Bristol-Myers Psoriasis Drug Shows Promise in Late-Stage Trials

Bristol-Myers Squibb Co.’s experimental psoriasis drug showed positive results in two late-stage trials, potentially setting it up as future rival to Otezla, Amgen Inc.’s billion-dollar pill.

Bristol’s deucravacitinib is a TYK2 inhibitor for the treatment of patients with moderate to severe plaque psoriasis. Significantly more patients treated with the drug showed superior results for disease severity and skin clearance compared with those on a placebo, the company said Friday in a statement.

It also demonstrated superior results compared with Otezla, which generated $617 million sales in the first quarter. In 2019, Bristol-Myers sold off Otezla to appease antitrust concerns when it acquired Celgene Corp. But it had another promising experimental psoriasis therapy in the pipeline in deucravacitinib, which now appears to be paying off.

“We believe deucravacitinib has significant potential across a broad range of immune-mediated diseases,” said Mary Beth Harler, the company’s head of immunology and fibrosis development. The company is in talks with health authorities to market the drug as soon as possible, Harler said.

Psoriasis -- an immune-mediated disease that causes inflammation -- impacts at least 100 million people worldwide. Around 8 million people in the U.S. live with it, according to the National Psoriasis Foundation. Many patients with moderate to severe psoriasis remain undertreated, untreated or are dissatisfied with existing therapies.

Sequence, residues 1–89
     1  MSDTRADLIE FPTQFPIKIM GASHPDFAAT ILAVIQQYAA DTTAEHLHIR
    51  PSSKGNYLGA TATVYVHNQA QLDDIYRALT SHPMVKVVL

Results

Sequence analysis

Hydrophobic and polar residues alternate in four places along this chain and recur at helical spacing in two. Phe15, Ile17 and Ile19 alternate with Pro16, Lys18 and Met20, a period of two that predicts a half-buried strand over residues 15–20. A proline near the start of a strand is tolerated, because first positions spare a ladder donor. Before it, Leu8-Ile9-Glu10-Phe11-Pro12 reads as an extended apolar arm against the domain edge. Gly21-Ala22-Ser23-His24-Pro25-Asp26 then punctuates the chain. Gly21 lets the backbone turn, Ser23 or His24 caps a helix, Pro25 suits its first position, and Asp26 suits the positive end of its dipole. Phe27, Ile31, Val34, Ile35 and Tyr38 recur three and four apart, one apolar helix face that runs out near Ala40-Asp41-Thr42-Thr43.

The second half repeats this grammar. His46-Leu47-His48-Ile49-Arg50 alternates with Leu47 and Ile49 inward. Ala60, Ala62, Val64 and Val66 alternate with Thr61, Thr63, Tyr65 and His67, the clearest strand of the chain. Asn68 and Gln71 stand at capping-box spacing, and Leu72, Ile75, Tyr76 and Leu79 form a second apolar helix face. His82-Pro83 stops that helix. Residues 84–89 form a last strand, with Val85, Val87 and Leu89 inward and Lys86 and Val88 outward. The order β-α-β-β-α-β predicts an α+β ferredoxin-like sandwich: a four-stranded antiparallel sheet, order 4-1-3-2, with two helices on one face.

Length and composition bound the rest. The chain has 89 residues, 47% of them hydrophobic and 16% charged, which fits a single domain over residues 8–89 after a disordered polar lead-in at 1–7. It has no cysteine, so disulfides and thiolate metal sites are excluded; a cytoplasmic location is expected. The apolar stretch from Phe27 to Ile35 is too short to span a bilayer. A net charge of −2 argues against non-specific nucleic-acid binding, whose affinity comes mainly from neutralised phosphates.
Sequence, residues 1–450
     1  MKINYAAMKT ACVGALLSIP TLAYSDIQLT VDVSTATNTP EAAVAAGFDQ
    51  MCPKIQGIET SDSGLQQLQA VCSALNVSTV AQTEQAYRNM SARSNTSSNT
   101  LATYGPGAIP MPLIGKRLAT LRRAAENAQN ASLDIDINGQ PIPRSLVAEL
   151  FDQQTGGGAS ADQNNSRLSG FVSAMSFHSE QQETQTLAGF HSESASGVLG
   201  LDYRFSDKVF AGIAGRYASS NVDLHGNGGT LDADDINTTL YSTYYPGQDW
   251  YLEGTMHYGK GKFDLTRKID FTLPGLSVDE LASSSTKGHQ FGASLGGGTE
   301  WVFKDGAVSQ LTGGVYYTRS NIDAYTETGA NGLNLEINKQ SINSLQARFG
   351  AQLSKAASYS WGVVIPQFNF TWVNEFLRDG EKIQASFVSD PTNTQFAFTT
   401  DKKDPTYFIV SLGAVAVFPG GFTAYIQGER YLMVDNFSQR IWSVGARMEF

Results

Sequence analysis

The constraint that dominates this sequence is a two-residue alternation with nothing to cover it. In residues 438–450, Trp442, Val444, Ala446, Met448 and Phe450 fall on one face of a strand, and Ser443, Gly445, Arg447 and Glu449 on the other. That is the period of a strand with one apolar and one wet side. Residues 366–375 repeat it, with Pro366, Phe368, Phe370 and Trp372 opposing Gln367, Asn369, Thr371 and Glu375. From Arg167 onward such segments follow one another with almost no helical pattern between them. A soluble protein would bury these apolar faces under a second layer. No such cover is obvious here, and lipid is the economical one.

By inhibiting TYK2, the Bristol-Myers treatment avoids worrisome side effects that accompany both the current oral standard of care and another class of medicine called JAK inhibitors, Harler said in a conference call.

“This is really fundamental to why deucravacitinib is going to be a really important new medicine for patients,” she said.

In the same call, April Armstrong, professor of dermatology at the University of Southern California, said deucravacitinib hits the “sweet spot” between efficacy and safety.

“It’s a once-daily dosing medication so very convenient for our patients to take,” she said. “These different factors combined together will likely position deucravacitinib as the lead oral therapy in moderate-to-severe psoriasis.”

©2021 Bloomberg L.P.

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